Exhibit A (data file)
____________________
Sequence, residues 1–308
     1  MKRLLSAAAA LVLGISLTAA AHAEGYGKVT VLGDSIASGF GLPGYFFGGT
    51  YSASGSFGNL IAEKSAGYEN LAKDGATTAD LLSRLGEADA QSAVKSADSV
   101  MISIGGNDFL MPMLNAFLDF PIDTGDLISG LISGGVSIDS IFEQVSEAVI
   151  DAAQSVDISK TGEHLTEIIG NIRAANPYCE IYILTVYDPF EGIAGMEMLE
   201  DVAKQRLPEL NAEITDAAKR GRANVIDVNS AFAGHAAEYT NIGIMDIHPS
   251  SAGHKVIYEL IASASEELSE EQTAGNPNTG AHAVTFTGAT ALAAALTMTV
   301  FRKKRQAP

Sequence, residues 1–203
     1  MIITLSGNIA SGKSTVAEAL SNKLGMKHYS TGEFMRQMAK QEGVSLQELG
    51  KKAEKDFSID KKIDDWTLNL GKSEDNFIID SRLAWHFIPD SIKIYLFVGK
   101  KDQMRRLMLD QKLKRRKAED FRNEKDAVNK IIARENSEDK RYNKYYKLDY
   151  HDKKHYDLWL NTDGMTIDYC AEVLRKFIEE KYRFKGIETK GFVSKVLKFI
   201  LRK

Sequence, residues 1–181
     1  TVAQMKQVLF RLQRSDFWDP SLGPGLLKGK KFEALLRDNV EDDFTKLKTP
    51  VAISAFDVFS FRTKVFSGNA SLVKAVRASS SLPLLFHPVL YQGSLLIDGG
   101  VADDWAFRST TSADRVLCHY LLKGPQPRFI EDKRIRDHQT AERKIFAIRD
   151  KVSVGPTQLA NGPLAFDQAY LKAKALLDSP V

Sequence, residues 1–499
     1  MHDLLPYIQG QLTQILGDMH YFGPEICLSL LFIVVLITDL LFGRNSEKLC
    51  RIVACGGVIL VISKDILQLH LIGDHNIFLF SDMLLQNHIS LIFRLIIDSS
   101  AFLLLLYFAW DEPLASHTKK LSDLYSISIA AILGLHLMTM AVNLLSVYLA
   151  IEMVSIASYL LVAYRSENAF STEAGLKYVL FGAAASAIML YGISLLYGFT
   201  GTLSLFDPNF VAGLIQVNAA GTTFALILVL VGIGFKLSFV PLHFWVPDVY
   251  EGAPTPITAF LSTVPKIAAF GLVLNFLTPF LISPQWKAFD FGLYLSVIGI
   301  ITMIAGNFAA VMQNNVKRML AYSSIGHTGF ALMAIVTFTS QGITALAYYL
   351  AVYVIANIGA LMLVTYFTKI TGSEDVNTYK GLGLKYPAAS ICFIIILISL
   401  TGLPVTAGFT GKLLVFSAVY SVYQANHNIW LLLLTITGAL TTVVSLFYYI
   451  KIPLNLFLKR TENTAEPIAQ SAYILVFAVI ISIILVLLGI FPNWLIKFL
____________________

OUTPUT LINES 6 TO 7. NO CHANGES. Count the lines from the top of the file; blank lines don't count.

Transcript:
   201  DVAKQRLPEL NAEITDAAKR GRANVIDVNS AFAGHAAEYT NIGIMDIHPS
   251  SAGHKVIYEL IASASEELSE EQTAGNPNTG AHAVTFTGAT ALAAALTMTV